Deadlines, a job that is too demanding, excessive responsibilities, financial difficulties, social commitments… Modern life brings with it many concerns that become a source of daily stress.
In fact, stress is part of our life. It is a normal reaction and it can even be positive since it generates a level of activation and alertness that helps us to do our best to meet deadlines or react quickly to an emergency.
However, chronic stress has negative effects on our physical and mental health, leading to muscle tension and pain. For this reason, in addition to psychological techniques, it may be convenient to resort to physiotherapy for stress as part of a holistic program that harmoniously integrates the care of the mind and body.
Invisible tension, the impact of stress on muscles
When we’re stressed, our bodies respond by releasing cortisol, a hormone that prepares us to fight or flee. That response triggers a cascade of changes at the physiological level, such as increased heart rate, blood pressure, and respiratory rate, as well as tensing the muscles.
Muscle tension is a reflex reaction to stress as it prepares us to face perceived danger. When stress is sustained, not only is our mind in a state of permanent vigilance, but our muscles are also tense, ready for action.
Over time, stress can lead to muscle tension and chronic pain, especially in the neck, shoulders, and back. This tension can also lead to tension headaches and migraines. Musculoskeletal pain in the lower back and upper extremities has also been linked to stress, especially work stress.
In the long term, the pain caused by this muscle tension leads people to limit their level of physical activity, which ends up causing muscle atrophy, which causes other more serious musculoskeletal conditions.
Researchers from the Department of Physiology at SRM Medical College have verified that the hormones released during periods of stress have a negative metabolic effect on muscles. Not only do they cause oxidative damage, but they promote muscle protein catabolism, which means that stress can cause us to lose muscle strength prematurely, eventually leading to falls and fractures.
Physiotherapy for stress: how can it help us?
Stress can be fighted from different fronts. In addition to identifying its causes and learning psychological techniques that allow us to manage stress in a more adaptive way, if we begin to experience muscle tension or even pain, we can resort to physiotherapy for stress.
Physiotherapy can include everything from massages to exercise plans and movement circuits that have important physiological effects as they help reduce muscle tension, sending a clear message to the brain: you can relax. We must not forget that our body is a psychosomatic system, so just as stress causes muscle tension, muscle relaxation generates the opposite response: peace of mind.
1. Counter stress hormones
Massages can decrease cortisol levels by approximately 31% while increasing the production of hormones such as serotonin and dopamine, which generate a sense of well-being, by 28%, according to a study conducted at the University of Miami.
As a result, massages help us find our emotional balance and relax, relieving muscle tension. In fact, they are also an effective treatment to combat generalized anxiety. Researchers at Emory University found that two weekly massage sessions for 6 weeks can significantly reduce anxiety symptoms.
2. Improve sleep quality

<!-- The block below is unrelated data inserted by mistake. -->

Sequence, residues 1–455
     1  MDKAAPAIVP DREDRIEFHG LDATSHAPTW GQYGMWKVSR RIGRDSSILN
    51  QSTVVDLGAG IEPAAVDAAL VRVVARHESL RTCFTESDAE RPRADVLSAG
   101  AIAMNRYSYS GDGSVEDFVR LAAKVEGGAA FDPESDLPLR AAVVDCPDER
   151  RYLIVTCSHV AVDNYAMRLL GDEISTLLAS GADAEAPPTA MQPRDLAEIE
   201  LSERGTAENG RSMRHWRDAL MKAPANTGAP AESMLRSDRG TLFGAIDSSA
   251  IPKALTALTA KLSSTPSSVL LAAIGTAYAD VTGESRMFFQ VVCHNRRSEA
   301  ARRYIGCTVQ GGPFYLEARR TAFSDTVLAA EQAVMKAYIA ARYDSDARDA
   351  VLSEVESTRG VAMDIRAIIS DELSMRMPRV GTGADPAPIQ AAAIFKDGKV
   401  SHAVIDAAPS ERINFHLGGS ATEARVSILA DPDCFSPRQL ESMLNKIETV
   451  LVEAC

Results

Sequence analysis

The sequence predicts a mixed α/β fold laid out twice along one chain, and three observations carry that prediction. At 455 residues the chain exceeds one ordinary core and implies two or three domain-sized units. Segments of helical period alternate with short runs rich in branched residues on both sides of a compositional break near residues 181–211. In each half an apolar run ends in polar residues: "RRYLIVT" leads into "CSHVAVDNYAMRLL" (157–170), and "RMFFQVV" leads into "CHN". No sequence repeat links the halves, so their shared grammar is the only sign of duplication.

Stress goes hand in hand with insomnia, generating a vicious circle that feeds on itself. Physiotherapy can help us get out of this spiral so that we can rest better, which in turn will relieve tension, reduce fatigue and irritability, contributing to generating a virtuous circle that feeds the feeling of well-being.
A meta-analysis conducted at the Department of Human Neurosciences of the Sapienza University of Rome revealed that moderate-intensity aerobic training, and physical activity in general, improves sleep-related biomarkers such as melatonin and serotonin. This change is more evident after 6 or 8 weeks, from which time the quality and quantity of sleep begins to improve.
3. Decrease sensitivity to stress
The prescription of exercise is common in physiotherapy treatments for stress. And it is not for less since physical activity is an excellent antidote against accumulated tension and anxiety. Movement fills us with vitality and helps us release pressure, thus helping to keep stress at bay, preventing it from reaching harmful levels.
A meta-analysis conducted at Yale University revealed that those who do some form of exercise in their spare time are between 62 and 78% less likely to experience high or moderate stress. Interestingly, physical activity not only relieves the symptoms of stress, but also gives us greater resistance to adversity, so it will help us better deal with problems that may occur in the future.
We’ve all felt stressed at some point in our lives, but how we manage that stress can have a significant impact on our overall health and well-being. We can sit idly by letting stress build up or we can look for solutions.
Physiotherapy and exercise can be an excellent alternative to manage tension and stress-related pain, as well as to improve our overall physical health. Physiotherapists will not only work on sore spots and “knots” in the muscles, but they can also teach us muscle relaxation exercises or even design a personalized training circuit that helps us release tension through movement. There are directories where you can easily find a physiotherapist in your area so that you can take a proactive attitude towards stress.
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Poornima, K. N. et. Al. (2014) Study of the Effect of Stress on Skeletal Muscle Function in Geriatrics. J Clin Diagn Res; 8(1): 8–9.
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